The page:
A Most Violent Year review: Another bold offering from J. C. Chandor

Posted on 27 January 2015
By George Heron
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A double-bill week of Oscar Issac films starts with a trip back in time to New York in 1981. Isaac’s Abel Morales is the owner of an Oil Company trying to be the best at what he does. His latest attempts at expansion are being hampered by what is proving to be A Most Violent Year.

The Oil Company is as cutthroat an industry as any competitive capitalistic venture and Morales is getting it from all sides: his corrupt competitors who may be stealing from him, the District Attorney who thinks he is corrupt and even his wife, who indirectly accuses him of cowardice.

This perception of cowardice is unfounded as the standout feature of this film is the strong principles and character of Morales. He is trying to be an honest man in a dishonest world. He doesn’t believe in stealing from his competitors, deception or violence. He believes in fairness, truth, openness, justice.

In a world where it appears he’s the only one living that way, how will he be able to survive without abandoning some aspect of his morals?

Isaac plays this part to perfection in that he is not perfect. He is totally convincing as the good man in a bad world. He doesn’t even want to succumb to aggression. You feel at any point he could explode in rage but it comes out in a light gasp of frustration or a momentary look of disapproval. It’s an extremely nuanced performance.

Jessica Chastain’s role is just as impressive a performance in terms of demonstrating her versatility. To go from a role like Murph in Interstellar to this and be unrecognisable shows chamelon-like qualities. Chastain’s devoted wife is unquestioningly loyal despite the unconventional business methods of her husband.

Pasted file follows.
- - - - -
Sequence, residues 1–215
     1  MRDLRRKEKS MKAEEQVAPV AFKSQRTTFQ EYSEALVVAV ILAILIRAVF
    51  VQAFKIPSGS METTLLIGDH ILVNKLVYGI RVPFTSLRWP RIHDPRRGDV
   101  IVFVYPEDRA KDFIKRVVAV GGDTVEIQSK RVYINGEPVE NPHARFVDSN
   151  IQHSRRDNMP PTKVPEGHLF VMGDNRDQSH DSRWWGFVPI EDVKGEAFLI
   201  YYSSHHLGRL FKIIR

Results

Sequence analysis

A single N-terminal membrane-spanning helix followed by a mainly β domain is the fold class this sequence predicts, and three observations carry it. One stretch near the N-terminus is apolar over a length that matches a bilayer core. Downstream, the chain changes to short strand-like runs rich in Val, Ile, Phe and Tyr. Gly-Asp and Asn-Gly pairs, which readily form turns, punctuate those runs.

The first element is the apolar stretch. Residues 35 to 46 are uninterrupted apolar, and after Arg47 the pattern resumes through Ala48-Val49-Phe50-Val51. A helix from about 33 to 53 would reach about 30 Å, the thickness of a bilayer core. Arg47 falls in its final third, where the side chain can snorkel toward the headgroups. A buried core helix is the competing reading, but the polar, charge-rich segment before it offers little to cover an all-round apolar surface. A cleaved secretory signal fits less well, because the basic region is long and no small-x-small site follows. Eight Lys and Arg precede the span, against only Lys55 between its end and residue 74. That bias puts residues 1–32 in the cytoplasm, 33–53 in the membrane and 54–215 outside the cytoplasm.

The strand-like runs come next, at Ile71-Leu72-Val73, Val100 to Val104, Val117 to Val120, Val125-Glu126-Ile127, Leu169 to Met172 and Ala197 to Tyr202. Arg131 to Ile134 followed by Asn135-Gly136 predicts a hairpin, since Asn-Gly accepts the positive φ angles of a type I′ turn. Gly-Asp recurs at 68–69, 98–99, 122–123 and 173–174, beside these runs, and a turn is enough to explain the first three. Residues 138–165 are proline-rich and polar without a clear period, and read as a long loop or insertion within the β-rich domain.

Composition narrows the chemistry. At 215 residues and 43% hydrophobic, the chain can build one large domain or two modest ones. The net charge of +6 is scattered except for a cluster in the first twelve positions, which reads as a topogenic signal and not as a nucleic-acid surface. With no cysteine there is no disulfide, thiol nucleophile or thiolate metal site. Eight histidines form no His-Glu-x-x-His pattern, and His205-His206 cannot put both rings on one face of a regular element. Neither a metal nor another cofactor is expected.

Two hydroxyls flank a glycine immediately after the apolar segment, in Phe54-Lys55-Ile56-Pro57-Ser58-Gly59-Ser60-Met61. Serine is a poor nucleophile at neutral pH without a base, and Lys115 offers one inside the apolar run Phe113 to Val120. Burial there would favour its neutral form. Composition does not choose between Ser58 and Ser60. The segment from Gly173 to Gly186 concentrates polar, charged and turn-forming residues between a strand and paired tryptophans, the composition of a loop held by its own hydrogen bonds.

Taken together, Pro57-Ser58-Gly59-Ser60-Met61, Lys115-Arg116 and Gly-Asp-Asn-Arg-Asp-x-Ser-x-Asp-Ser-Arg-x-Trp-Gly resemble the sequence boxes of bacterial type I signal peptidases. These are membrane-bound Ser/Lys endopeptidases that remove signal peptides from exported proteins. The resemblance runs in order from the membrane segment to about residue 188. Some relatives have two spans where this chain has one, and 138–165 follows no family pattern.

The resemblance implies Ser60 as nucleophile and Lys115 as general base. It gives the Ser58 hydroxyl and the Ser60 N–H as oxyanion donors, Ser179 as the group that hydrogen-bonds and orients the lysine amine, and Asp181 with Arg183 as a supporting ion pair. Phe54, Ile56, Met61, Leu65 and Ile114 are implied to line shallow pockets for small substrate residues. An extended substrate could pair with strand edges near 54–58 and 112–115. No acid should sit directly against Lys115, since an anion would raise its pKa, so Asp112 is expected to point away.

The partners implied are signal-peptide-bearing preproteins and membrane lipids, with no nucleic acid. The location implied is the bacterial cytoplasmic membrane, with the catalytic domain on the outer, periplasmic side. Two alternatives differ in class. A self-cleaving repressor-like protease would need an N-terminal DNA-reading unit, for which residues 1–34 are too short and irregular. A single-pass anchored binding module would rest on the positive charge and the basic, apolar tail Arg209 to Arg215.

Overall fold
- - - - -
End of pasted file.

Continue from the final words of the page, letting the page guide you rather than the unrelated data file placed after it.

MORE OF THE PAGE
David Oyelowo’s supporting role as the District Attorney trying to bring down Morales must feel like a comedown from his last role as Martin Luther King. He brings the necessary authority to such a character and I guess you can’t be the star all the time. There’s a welcome HBO vibe in the rest of the supporting cast with appearances from David Marguiles and Jerry Adler (Mink and the amazing Hesh from The Sopranos) and Glenn Fleshler (True Detective and one of the best things in the disappointing God’s Pocket after Christina Hendricks, of course).

Director and writer J. C. Chandor has already displayed his bold film-making with All is Lost, a film that places Robert Redford in solitude lost at sea in a boat, facing the elements. The boldness here is more in the lack of violence of the protagonist. Someone who doesn’t go in with all guns blazing, who thinks before he acts. Morales negotiates his way out of situations which brings political intrigue into the mix. Something you don’t always find in what looks on the poster like a gangster-esque thriller.